The multinationals can't outproduce you, because their production becomes your product as well, and service of that code is generally preferred locally (witness the outsource backlash).
That is the deceit of that argument, the GPL is a *two* way street. unlike proprietary and (potentially) the BSDs.
The "economic colonialism" argument is a rather shallow straw man when applied to the GPL, but actually quite valid when applied to proprietary and potentially some Open Source licenses.
Thanks for at least asking the question, maybe next time Simon will offer a more appropriate answer.
I actually wrote a lengthy reply & it never showed up here :-( I've not the patience to re-create it, but suffice to say that I disagree with you. All the stuff you say is obviously right within a GPL worldview but neglects the game that is being played around that worldview. I believe Jonathan's comments raised an important issue about how big corporations could game (in fact are gaming) the Free software system, and that instead of digging behind them people chose to read cluelessness into them. Maybe I'll pluck up the courage to blog about it some time.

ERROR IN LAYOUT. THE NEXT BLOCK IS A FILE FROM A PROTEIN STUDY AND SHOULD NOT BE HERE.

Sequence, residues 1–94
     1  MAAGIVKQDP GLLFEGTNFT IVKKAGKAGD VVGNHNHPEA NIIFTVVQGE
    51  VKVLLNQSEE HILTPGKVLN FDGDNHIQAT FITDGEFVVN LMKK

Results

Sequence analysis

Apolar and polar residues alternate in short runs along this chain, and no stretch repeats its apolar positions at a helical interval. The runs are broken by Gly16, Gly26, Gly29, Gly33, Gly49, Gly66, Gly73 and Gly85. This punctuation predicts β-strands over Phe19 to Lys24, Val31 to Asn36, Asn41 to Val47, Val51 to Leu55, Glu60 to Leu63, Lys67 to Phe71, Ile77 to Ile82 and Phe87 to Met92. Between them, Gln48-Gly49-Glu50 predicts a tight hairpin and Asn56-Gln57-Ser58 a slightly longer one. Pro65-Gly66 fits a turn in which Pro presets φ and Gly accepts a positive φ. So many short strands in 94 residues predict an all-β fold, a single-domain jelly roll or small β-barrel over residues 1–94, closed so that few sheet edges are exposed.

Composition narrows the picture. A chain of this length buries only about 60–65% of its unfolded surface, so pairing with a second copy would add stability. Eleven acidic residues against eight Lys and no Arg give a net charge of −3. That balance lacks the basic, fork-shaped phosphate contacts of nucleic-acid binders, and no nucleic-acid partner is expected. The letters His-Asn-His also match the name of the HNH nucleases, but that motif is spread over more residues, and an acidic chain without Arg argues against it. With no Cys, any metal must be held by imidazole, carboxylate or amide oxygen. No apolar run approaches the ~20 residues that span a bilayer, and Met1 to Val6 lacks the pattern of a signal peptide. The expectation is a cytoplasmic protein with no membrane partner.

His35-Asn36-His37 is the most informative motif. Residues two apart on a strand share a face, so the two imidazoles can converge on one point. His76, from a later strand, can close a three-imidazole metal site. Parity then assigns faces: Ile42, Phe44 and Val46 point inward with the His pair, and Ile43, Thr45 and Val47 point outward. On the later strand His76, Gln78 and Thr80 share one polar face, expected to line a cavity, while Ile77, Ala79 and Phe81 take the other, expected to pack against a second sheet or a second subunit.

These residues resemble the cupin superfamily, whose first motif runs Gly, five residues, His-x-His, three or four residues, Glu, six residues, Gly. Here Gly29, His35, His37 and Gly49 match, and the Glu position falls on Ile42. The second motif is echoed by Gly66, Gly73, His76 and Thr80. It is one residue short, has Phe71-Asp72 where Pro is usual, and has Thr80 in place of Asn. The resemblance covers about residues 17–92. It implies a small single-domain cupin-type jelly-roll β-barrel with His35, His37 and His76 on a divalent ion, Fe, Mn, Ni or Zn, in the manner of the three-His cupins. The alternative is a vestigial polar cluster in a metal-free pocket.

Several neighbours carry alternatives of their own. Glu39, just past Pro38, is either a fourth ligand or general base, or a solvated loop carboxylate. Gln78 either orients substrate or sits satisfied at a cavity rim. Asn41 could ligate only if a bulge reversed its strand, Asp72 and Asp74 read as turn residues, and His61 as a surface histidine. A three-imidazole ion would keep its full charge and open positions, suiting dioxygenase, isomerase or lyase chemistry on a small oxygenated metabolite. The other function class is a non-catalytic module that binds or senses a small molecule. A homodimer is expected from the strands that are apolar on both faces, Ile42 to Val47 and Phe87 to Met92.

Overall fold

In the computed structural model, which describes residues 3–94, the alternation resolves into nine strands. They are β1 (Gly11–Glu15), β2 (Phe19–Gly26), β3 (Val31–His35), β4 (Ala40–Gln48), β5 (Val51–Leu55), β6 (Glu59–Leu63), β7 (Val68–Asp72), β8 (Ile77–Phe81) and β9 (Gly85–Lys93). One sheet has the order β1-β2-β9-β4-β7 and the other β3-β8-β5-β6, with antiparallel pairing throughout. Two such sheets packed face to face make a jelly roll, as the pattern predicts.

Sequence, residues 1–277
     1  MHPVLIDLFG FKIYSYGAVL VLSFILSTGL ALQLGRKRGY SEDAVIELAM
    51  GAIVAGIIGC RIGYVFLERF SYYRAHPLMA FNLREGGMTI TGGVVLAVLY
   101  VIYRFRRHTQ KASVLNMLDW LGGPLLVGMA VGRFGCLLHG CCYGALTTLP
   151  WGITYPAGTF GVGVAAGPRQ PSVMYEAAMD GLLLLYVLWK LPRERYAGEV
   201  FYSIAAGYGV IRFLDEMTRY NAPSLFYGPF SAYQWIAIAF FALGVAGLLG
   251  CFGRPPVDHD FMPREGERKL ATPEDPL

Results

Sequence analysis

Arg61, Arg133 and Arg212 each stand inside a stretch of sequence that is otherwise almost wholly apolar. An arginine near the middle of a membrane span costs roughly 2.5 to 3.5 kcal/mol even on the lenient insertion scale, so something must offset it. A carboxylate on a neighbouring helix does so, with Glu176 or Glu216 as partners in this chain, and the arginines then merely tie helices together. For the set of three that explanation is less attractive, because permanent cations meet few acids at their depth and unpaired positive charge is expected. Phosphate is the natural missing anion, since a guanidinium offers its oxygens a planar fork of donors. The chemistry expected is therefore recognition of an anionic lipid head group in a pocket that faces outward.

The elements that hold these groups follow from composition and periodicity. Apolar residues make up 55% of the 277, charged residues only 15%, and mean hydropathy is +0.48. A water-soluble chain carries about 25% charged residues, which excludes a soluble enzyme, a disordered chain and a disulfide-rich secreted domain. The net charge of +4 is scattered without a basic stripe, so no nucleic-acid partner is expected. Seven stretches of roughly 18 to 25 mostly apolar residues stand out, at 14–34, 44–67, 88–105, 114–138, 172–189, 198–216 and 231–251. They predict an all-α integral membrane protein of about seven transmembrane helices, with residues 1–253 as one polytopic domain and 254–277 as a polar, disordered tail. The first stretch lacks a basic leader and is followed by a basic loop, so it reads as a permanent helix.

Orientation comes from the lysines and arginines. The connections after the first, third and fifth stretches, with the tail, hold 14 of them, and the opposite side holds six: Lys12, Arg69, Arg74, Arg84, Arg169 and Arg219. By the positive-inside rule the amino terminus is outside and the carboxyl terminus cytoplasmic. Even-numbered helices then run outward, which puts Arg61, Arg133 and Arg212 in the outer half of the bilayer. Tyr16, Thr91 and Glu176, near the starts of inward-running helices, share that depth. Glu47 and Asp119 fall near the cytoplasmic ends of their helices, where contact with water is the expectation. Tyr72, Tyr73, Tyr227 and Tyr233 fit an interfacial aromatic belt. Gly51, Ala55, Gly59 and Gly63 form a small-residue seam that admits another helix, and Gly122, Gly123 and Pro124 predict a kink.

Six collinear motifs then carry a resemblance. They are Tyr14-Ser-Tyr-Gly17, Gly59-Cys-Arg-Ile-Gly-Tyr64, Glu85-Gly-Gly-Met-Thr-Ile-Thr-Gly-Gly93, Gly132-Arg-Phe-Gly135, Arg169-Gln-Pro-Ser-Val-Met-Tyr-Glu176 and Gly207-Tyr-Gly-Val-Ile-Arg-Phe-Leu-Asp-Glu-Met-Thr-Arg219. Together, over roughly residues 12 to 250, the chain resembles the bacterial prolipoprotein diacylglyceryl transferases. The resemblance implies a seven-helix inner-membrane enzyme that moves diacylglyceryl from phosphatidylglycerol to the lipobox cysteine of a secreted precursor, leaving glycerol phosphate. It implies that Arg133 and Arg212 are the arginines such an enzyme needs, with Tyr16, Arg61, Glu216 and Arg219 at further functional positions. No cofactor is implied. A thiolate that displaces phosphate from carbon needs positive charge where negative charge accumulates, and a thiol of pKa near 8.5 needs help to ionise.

I would love to hear your response, if there is some greater context around Johnathan's statements that make them make more sense, I would _love_ to hear it.
I hope you will blog about what you tried to post here, I think it would add to the dialog.
I hope if/when you do you will also explain this comment "within a GPL worldview", because I don't understand what you mean by it, and you have addressed it to me before.